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First Person: Supporting Mental Health in Madagascar, One Consultation at a Time

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Henrielle Emasignavy works for WHO in Ambovombe, where the Androy regional reference hospital is based. She spoke about caring for people experiencing mental health crises.

Henrielle Emasignavy from WHO at the Androy regional reference hospital.

Henrielle Emasignavy from WHO at the Androy regional reference hospital.

“In Ambovombe town we see a number of mental health problems including psychotic episodes, schizophrenia and depression.

The number of young people suffering from mental health problems has increased. We think that in young men it could be linked to cannabis use, and in young women between 13 and 18 years old it could be the breakdown of a relationship or depression following the birth of a child.

One of the contributing causes, among both men and women, is the anxiety of constantly living in stressful conditions caused by the ongoing humanitarian crises in southern Madagascar.

We have recently experienced droughts and cyclones in different parts of the south, which have worsened the effects of climate change as well as deep-rooted underdevelopment. The many vulnerable people who live in the south of the country are therefore fighting for their survival. When crops fail, they have no safety net and often go hungry. Access to health and other social protection services can also be problematic.

“Victims of witchcraft”

I met a woman called Elodie who suffered from postpartum psychosis after giving birth at age 20 and losing her child six months later.

When I met her, I noticed that a chain was attached to her ankle.

Her mother told me it was for her own safety, as her daughter was trying to escape. People suffering from mental health disorders are heavily stigmatized. They are said to be “possessed” and victims of witchcraft.

Mental health problems can be cured medically, but growing ignorance and poverty force people to resort to drastic measures, such as immobilizing patients, which exacerbates the mental illnesses they suffer from. .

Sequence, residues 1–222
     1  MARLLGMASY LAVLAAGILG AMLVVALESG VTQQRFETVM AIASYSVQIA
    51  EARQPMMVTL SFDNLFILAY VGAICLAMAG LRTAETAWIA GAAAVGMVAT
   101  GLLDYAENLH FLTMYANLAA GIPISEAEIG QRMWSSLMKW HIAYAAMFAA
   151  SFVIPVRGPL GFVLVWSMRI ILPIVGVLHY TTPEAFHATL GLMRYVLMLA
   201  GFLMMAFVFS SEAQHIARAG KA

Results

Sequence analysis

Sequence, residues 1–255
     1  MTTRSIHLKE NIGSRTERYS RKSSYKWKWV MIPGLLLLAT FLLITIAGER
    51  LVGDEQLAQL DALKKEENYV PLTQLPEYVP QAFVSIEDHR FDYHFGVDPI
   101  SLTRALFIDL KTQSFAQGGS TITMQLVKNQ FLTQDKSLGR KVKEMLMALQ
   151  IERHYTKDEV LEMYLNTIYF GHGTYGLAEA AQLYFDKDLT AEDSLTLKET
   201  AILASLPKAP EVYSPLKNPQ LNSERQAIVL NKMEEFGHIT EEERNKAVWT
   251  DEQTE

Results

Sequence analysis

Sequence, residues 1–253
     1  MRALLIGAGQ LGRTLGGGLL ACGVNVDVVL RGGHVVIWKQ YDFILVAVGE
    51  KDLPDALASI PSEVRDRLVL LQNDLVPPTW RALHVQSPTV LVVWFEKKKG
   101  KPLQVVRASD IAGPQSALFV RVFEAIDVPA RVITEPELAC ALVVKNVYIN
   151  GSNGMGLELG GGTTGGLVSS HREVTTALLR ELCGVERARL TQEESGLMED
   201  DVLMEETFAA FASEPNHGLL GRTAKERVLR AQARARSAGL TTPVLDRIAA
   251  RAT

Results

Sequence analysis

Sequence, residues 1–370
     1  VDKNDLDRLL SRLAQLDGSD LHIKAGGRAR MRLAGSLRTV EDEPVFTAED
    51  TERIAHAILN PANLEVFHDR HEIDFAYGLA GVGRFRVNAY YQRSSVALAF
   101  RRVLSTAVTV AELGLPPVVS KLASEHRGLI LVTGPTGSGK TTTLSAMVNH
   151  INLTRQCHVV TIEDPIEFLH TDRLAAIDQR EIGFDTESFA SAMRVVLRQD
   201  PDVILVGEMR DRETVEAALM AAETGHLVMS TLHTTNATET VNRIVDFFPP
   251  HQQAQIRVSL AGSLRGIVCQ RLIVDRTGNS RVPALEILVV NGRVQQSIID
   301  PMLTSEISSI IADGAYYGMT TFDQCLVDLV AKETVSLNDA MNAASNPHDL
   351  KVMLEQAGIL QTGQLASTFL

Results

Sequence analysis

The mother (center) of Elodie (right) says she responded well to the medication.

The mother (center) of Elodie (right) says she responded well to the medication.

Access care

Access to treatment is extremely difficult for patients. The nearest specialist hospital for mental health treatment is approximately 600 kilometers away. To meet the growing need for services, WHO has called on medical teams for periodic outpatient care.

Over a three-day period, there were a total of 93 free consultations; 67 percent of these patients were women, including Elodie, who was seen by a neurologist. Following this consultation, she received medication which, according to her mother, improved her mental health. Elodie is taking better care of herself; for example, she takes care of her personal hygiene.

The WHO would like there to be more services available for people like Elodie, and while it is clear that there is only so much a visiting psychiatrist can do, I am happy that we can help some patients on the path to recovery.

Elodie has the support of her mother and sister, but unfortunately the rest of the family rejected her and so she and her mother were forced to leave the family home.

Her mother hopes for a full recovery soon so that Elodie can lead a normal life again and can earn some money and contribute to the needs of the household of three women.

  • Promote mental health and well-being and strengthen drug prevention and treatment
  • Reduce the number of deaths and illnesses due to pollution, contamination and tobacco
  • Achieve universal health coverage and ensure access to essential and affordable vaccines and medicines
  • Reduce the global maternal mortality rate to less than 70 per 100,000 live births and the under-five mortality rate to at least 25 per 1,000 live births
  • End the epidemics of AIDS, tuberculosis and malaria and combat hepatitis and other communicable diseases

Sustainable development is based on ensuring healthy lives and promoting well-being at all ages.

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